Selection bias in case-control studies of cell phones and brain tumours
Finland is one of the countries participating in the international case-control study of cell phone use and brain tumours (INTERPHONE). The authors of a recent article investigated whether there was any evidence of selection bias in their study. In other words, they attempted to determine whether there was a difference in cell phone use between those who agreed to participate in the case-control study and those who declined to participate. They also investigated whether any observed differences had an impact on the findings with regard to brain tumour risk. They found that non-participants were less likely to regularly use a cell phone, and that this tended to move the odds ratio further below unity, although the effect was not "substantial".
Reference: Lahkola A, Salminen T, Auvinen A. Selection bias due to differential participation in a case-control study of mobile phone use and brain tumors. Ann Epidemiol 2005;15:321-325.
There have been a number of studies of the possible effects of cell phones on brain function, with varying results. Schmid and colleagues recently investigated the effects of a 1.97 GHz UTMS-like signal on visual perception, using a battery of four tests. They found no statistically significant differences between the exposure conditions and sham exposure.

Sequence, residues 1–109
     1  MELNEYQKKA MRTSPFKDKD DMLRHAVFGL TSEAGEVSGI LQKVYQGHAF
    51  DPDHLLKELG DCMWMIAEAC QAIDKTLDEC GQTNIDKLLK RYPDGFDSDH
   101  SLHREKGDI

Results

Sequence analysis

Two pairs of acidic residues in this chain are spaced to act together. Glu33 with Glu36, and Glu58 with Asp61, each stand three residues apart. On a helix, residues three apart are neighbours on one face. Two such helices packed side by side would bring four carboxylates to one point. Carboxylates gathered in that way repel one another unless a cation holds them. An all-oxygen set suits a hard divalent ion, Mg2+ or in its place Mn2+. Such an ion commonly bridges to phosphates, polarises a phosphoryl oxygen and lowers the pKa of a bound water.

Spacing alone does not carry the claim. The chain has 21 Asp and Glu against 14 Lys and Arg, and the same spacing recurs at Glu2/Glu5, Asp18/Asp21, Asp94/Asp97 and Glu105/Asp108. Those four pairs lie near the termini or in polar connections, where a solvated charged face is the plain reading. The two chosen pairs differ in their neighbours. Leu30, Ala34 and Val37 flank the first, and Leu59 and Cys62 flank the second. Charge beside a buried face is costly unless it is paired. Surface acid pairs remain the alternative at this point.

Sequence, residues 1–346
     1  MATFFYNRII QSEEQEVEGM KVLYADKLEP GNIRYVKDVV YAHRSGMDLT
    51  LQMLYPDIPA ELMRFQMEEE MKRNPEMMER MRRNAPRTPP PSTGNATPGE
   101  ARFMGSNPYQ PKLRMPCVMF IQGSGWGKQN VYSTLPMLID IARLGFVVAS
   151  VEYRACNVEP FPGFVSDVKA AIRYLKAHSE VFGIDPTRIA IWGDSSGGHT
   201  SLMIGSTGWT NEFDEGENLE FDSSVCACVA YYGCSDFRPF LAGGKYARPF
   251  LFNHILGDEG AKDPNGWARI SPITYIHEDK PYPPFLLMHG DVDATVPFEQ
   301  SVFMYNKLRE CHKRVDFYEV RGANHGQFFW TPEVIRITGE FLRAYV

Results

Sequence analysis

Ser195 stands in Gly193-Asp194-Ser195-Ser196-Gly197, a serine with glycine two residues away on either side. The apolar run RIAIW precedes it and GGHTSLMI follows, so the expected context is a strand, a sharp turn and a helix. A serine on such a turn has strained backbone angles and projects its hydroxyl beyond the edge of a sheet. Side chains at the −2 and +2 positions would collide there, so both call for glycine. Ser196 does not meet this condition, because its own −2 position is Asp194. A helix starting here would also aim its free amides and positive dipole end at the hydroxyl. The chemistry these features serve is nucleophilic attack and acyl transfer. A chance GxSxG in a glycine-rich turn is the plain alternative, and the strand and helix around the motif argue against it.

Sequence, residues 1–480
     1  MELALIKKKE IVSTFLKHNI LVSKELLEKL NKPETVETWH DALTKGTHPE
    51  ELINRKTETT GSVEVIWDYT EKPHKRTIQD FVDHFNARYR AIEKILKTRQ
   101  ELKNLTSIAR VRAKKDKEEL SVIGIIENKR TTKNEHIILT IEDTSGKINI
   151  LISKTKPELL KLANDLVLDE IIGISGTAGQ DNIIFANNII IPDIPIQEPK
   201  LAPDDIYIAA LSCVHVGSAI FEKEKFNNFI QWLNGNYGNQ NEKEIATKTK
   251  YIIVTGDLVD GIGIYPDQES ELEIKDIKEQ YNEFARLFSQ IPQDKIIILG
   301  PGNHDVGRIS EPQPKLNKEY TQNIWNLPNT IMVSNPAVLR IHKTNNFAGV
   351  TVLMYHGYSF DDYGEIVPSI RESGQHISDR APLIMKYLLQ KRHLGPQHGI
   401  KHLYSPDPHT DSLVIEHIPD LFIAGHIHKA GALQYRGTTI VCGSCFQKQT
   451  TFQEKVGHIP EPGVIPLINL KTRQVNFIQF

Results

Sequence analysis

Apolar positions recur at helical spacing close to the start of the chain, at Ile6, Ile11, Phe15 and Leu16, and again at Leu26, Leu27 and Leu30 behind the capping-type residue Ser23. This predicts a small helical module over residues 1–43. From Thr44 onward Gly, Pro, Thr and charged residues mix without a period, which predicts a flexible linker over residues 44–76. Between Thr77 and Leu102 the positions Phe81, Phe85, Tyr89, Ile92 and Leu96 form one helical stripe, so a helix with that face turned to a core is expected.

For more, see "Research - Clinical Experiments - Cognitive function".
Schmid G, Sauter C, Stepansky R, Lobentanz IS, et al. No influence on
selected parameters of human visual perception of 1970 MHz UMTS-like
exposure. Bioelectromagnetics 2005;243-250.
There has been ongoing controversy about whether the exposure level of radiofrequency (RF) energy from the use of a cell phone next to the head is higher for children than for adults. This topic has been discussed in "What's New" of September '03, March '04, and April '05. Bit-Babik and colleagues used a commercial Finite-Difference-Time-Domain (FDTD) numerical code to compute locally averaged SAR in two different anatomically correct adult and child head models using the IEEE standard averaging logarithm. Modeling and experimental measurements were also made using three spheres filled with a tissue-equivalent mixture, to approximate heads of increasing size. The peak 1- and 10-g average SAR values and electromagnetic energy penetration depths were not significantly different for child and adult heads exposed to the same RF-energy transmitting device. The authors suggest that the differences that were reported in other studies might be due to use of different algorithms for calculating spatial averaged SARs. They make a plea for standardization of "numerical models, definitions, positions, procedures an algorithms for SAR calculations".
Bit-Babik G, Guy AW, Chou CK, Faraone A, et al. Simulation of exposure
and SAR estimation for adult and child heads exposed to radiofrequency
energy from portable communication devices. Radiat Res 2005;163:580-590.
Various Swiss agencies sponsored an examination of the feasibility of future epidemiological studies on health effects or effects on well being from environmental sources, with particular emphasis on mobile telephone base stations. The final report of the committee has now been published. It gives a detailed analysis of dosimetric approaches, epidemiological issues, past and current research, and requirements for future studies.
Study on the feasibility of epidemiological studies on health effects
of mobile telephone base stations - final report. Neubauer G, Roosli
M, Feychting M, Hamnerius Y, Kheifets L, Kuster N, Ruiz I, Schuz J,
Uberbacher R, Wiart J. March, 2005.